Giant Muskie Lures
By: Cory Schmidt
A generations-old secret has helped anglers catch large muskie with big lures
Within the cult of talented muskie trollers – veteran guides working Lake St. Clair, Green Bay, the St. Lawrence River, Lake of the Woods and beyond – a generations-old secret has recently played a prominent role in lure design. The results have been nothing short of record-breaking.
The infamous Len Hartman figured it out back in the late 1950s. The magic of Hartman’s Musky Bug – a deep-diving, metal-lipped plug noted for its legendary catches on the St. Lawrence – had a tendency to randomly roll out or “hunt” from side-to-side when trolled at certain speeds. Perhaps inadvertently, Hartman discovered that this shift in direction often proved the key to triggering following muskies, during the era when anglers tended to discard lures they couldn’t tune.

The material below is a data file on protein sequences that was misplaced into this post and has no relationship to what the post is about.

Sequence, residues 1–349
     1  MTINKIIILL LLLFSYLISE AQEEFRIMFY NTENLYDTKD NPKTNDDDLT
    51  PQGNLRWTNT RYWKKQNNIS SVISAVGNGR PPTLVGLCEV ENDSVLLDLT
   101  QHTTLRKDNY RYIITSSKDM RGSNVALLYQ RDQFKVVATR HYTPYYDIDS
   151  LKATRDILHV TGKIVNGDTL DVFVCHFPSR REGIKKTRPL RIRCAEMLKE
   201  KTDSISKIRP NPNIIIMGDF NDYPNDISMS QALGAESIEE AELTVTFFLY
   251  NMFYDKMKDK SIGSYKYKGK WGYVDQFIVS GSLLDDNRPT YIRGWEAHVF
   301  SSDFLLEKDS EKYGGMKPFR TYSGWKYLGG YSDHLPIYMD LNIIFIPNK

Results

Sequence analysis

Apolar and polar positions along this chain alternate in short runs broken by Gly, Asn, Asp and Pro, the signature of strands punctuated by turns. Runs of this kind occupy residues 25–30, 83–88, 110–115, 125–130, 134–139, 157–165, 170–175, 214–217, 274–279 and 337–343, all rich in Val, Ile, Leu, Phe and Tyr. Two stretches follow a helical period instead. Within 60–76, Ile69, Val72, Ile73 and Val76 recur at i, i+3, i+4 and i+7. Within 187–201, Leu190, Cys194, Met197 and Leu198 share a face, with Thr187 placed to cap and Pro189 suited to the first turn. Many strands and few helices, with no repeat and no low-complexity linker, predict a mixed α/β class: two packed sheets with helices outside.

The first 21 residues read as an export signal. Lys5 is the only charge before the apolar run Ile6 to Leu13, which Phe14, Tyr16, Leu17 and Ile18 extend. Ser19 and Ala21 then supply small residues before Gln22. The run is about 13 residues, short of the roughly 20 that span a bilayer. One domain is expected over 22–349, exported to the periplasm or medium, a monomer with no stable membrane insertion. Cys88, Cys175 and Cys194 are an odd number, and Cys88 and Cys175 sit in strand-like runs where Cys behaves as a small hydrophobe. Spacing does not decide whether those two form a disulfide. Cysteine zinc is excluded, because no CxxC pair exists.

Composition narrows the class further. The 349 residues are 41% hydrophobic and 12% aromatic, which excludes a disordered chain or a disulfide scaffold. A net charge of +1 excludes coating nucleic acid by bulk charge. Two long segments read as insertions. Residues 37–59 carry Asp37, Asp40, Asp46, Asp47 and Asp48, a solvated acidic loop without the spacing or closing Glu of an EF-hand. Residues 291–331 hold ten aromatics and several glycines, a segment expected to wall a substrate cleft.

Among anglers pulling plugs across rocks and boulders, the concept isn’t a secret. When a diving bait collides with a solid object, it stops momentarily, backs up, and deflects dramatically to one side or the other before a tight line once again propels it forward. This change in speed and direction has triggered exponentially more muskie strikes than a straight swim. Everyone knows that – it’s why veteran trollers like to live dangerously; to get in tight to shallow rocks, plowing lures across treacherous points and granite ridges. Scary things happen when you risk losing your favorite lure.
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